Where does the package command find the packages it seeks?

Wherever the script registered with package unknown is programmed to look. That is, this is completely application configurable.

MG Slightly related, you can check which files were loaded/sourced by a package by using package ifneeded:

 (User) 1 % package require Tk
 (User) 2 % package ifneeded Tk 8.4
 load {C:/Program Files/Tcl/lib/tk8.4/../../bin/tk84.dll} Tk

Thanks to a pointer from DGP on Tcl chat about the use of package unknown, here is a proc to return the command that will be used to load a package without actually loading it. If you do not mind the package being loaded, you could just do package ifneeded foo package require foo instead.

proc get_package_load_command {name} {
    # Get the command to load a package without actually loading the package
    # package ifneeded can return us the command to load a package but
    # it needs a version number. package versions will give us that
    set versions [package versions $name]
    if {[llength $versions] == 0} {
        # We do not know about this package yet. Invoke package unknown
        # to search
        {*}[package unknown] $name
        # Check again if we found anything
        set versions [package versions $name]
        if {[llength $versions] == 0} {
            error "Could not find package $name"
    return [package ifneeded $name [lindex $versions 0]]

Klaus Saalfeld Sometimes one prefers a non-flat directory structure to contain all packages. Directories can be used to group related packages. E.g. all GUI related packages can be put into one directory, all Web related packages into another directory, utilities into a third one and so on. This improves structure of big projects that use a lot of packages.

if {![package vsatisfies [package provide Tcl] 8.5]} {return}

if {0 != [string length [info script]]} {
   # Note that we must take care that we do not source this file recursively.
   # Therefore we can't start with the directory containing this script.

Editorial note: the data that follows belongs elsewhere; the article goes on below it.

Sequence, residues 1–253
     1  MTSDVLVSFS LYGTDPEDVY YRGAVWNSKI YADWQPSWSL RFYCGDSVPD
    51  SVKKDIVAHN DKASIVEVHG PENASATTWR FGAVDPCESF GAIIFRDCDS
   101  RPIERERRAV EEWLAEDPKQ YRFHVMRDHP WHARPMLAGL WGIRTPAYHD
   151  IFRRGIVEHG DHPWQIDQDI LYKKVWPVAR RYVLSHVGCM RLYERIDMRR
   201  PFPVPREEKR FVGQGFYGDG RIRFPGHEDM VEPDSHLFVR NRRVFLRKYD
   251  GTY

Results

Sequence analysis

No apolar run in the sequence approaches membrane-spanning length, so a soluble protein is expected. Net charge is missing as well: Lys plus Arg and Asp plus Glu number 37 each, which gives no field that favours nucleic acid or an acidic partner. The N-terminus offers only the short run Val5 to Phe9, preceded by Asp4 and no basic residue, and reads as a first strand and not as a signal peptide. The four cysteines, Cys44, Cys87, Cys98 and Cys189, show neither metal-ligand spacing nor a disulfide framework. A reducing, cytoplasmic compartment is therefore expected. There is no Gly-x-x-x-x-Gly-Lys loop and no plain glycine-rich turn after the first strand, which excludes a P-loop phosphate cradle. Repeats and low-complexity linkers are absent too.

set dirs [glob -nocomplain -directory [file dirname [info script]] -types d *]
   # Loop through directories sourcing all libraries
   while {0 != [llength $dirs]} {
      # Get next directory and remove it from list
      set dir [lindex $dirs 0]
      set dirs [lreplace $dirs 0 0]
      # Work with current directory selection here.
      # We want to source all packages within the directory tree.
      # We stop diving deeper into the directory tree
      # as soon as there is a pkgIndex.tcl file.
      catch {
         if {[file exists [file join $dir "pkgIndex.tcl"]]} {
            # The script sourced expects $dir to be its location directory
            source [file join $dir "pkgIndex.tcl"]
         } else {
            # There is no pkgIndex.tcl file in current directory.
            # Continue checking all subdirectories of current directory.
            set dirs [concat $dirs [glob -directory $dir -types d *]]
   unset dirs

This is the contents of a special pkgIndex.tcl file. Put it into top-level directories within lib (or that place Tcl looks for packages). The script recursively searches sub-directories for packages and source their pkgIndex.tcl. It stops diving deeper into a directory branch as soon as a pkgIndex.tcl has been found. This is an example:

 lib/gui/pkgIndex.tcl (*)
 lib/util/pkgIndex.tcl (*)

(*) Put the special pkgIndex.tcl there